Tag Archives: Global Positioning Systems

Geocaching in a Winter Wonderland for 2022

While the ground may soon be frozen or covered in snow (or not), that doesn’t mean the hunt for a hidden treasure in a state park has to stop.

Through this summer and fall, more than 220 people searching in three State Parks regions found enough geocaches – hidden little containers of trinkets whose locations are identified by Global Position System (GPS) coordinates – to be awarded special 2021 New York State Geocache Challenge coins.

To earn the coins, geocache hunters had to locate at least 45 out of more than 230 concealed caches, with 35 “finds” coming from one of the three regions and the balance from either of the other two regions. Cache-seekers used coordinates with their own GPS devices to locate the caches, and were able to take some trinkets and leave some of their own for subsequent seekers to find.

Altogether, nearly 4,700 people took part in the seasonal challenge, which wrapped up in mid-November and covered 56 state parks and historic sites in Central New York, the Saratoga-Capital District Region, and the Hudson Valley. Odds of finding enough caches to earn a coin worked out to roughly 1 in 20. So obviously, the caches were not in plain sight!

Use the slider bar to compare the front and back of the 2021 New York State Parks Geocache Challenge coin. This coin was available in the Saratoga/Capital District Region, where 78 people found enough caches to qualify for the free coin.

This season, three Parks regions are hosting winter geocache events,

Tthe Saratoga-Capital District Region is hosting a “Winter 33” Geocache Challenge, which will offer 33 “winter-friendly” caches placed in three parks in the region. This challenge will run from Jan. 15 to April 15, 2022. There will no geocoins available during this winter challenge, so it it all just for the fun of it!

In the Taconic Region of the Hudson Valley, the 2022 Winter Geocache Challenge will take place at Lake Taghkanic State Park in Ancram, Clarence Fahnestock Memorial State Park in Cold Spring, and Mills Norrie State Park in Staatsburg.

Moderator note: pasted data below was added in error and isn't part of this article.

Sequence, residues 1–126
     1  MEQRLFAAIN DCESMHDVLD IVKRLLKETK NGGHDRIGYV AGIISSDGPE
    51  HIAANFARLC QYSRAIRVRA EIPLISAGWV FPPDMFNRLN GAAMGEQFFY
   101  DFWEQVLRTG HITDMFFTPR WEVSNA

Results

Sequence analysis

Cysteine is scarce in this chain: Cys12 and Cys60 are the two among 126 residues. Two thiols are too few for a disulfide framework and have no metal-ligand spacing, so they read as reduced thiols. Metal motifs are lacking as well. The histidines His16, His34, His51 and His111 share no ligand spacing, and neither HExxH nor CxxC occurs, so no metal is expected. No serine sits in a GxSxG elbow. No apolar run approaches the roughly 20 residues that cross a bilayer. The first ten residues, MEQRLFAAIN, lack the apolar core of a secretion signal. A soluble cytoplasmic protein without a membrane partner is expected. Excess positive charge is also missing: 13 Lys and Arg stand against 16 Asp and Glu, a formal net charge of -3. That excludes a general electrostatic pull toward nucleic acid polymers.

And in the Central Region, there will nearly 70 geocaches placed at 14 Parks and Historic Sites, including Battle Island, Fort Ontario, Green Lakes, Chenango Valley, Robert Riddell, Glimmerglass, Hyde Hall, Herkimer Home, Chittenango Falls, Clark Reservation, Old Erie Canal, Lorenzo House, and Verona Beach.

And what might a “winter-friendly cache be? Well, that means the items will be hidden in a way that prevents them from being buried in the snow, such as being hung from tree branches or tucked up under a bench or a picnic table.

To find the caches, download the Geocaching app or follow the coordinates of the caches listed on the Geocaching.com website. When you find a cache, stamp your passport with the stamp inside each cache the turn it in to the state park indicated on the passport. Remember to leave the stamp behind for others that come after you.

Geocaching in winter presents its own challenges of snow and cold weather. Make sure to dress for the weather, with warm clothing, gloves and winter boots. Carrying extra water during the winter is advisable to avoid dehydration. And always carry a flashlight or headlamp, as daylight hours are shorter in the winter.

The geocoins awarded previously are trackables, since each coin carries a unique identifying number that can be activated online and then tracked as coins are located, reported and moved to new locations by their owners or subsequent geocachers. “Owners” of the geocoin, along with anyone else who knows its number, can follow its travels online.

So far, the geocoin that has traveled the farthest from a state park is from the 2015  Saratoga-Capital District Region Geocache Challenge. Most recently located in the southernmost point in the U.S. on the Big Island of Hawaii last month, this token (TB6Y60Y) has so far trekked 190,655 miles to such places as the Mediterranean island of Malta, Germany, the Kapaleeshwarar Temple in India, Japan, Israel, and more than 350 other places.

According to the owner’s page, they want to “travel to at least one state park in each state across the USA.” Now there is a mission that we can all get behind!

Happy Holidays and Happy Geocaching!

Seek and You Might Find: Geocaching In NYS Parks

I am not stealthy. This is not new information, but I didn’t realize how sloppy I was at sneaking around until I tried geocaching—a worldwide game of locating some of millions of little hidden stashes. This outdoor activity relies on the use of Global Positioning System (GPS) technology, where participants place caches of trinkets, also … Continue reading Seek and You Might Find: Geocaching In NYS Parks


Post by Chris Kenyon, Park Manager, Mine Kill State Park

Seek and You Might Find: Geocaching In NYS Parks

I am not stealthy. This is not new information, but I didn’t realize how sloppy I was at sneaking around until I tried geocaching—a worldwide game of locating some of millions of little hidden stashes.

This outdoor activity relies on the use of Global Positioning System (GPS) technology, where participants place caches of trinkets, also known as “hides,” in various places, and record locations with GPS coordinates to the website geocaching.com. Cache-seekers then use those coordinates with their own GPS devices to locate the caches, and can take some trinkets and leave some of their own for subsequent seekers to find.